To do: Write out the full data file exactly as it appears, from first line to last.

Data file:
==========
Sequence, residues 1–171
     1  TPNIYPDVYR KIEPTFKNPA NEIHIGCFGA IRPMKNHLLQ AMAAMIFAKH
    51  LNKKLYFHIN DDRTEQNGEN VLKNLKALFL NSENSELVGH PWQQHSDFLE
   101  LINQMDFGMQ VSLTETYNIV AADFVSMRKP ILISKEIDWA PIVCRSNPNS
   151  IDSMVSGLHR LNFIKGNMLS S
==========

Sequence, residues 1–171
     1  TPNIYPDVYR KIEPTFKNPA NEIHIGCFGA IRPMKNHLLQ AMAAMIFAKH
    51  LNKKLYFHIN DDRTEQNGEN VLKNLKALFL NSENSELVGH PWQQHSDFLE
   101  LINQMDFGMQ VSLTETYNIV AADFVSMRKP ILISKEIDWA PIVCRSNPNS
   151  IDSMVSGLHR LNFIKGNMLS S